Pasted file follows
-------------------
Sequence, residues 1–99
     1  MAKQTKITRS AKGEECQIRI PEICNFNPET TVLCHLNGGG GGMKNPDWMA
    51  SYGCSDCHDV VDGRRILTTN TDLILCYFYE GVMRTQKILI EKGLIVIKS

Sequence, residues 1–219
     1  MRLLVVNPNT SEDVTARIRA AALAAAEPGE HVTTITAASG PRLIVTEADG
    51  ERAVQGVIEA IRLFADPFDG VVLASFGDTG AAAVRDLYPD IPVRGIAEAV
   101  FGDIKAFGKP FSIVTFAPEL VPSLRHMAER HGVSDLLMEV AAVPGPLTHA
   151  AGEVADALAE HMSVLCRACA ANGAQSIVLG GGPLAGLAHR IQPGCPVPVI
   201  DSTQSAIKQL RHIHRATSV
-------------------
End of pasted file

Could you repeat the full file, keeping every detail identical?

Sequence, residues 1–99
     1  MAKQTKITRS AKGEECQIRI PEICNFNPET TVLCHLNGGG GGMKNPDWMA
    51  SYGCSDCHDV VDGRRILTTN TDLILCYFYE GVMRTQKILI EKGLIVIKS

Sequence, residues 1–219
     1  MRLLVVNPNT SEDVTARIRA AALAAAEPGE HVTTITAASG PRLIVTEADG
    51  ERAVQGVIEA IRLFADPFDG VVLASFGDTG AAAVRDLYPD IPVRGIAEAV
   101  FGDIKAFGKP FSIVTFAPEL VPSLRHMAER HGVSDLLMEV AAVPGPLTHA
   151  AGEVADALAE HMSVLCRACA ANGAQSIVLG GGPLAGLAHR IQPGCPVPVI
   201  DSTQSAIKQL RHIHRATSV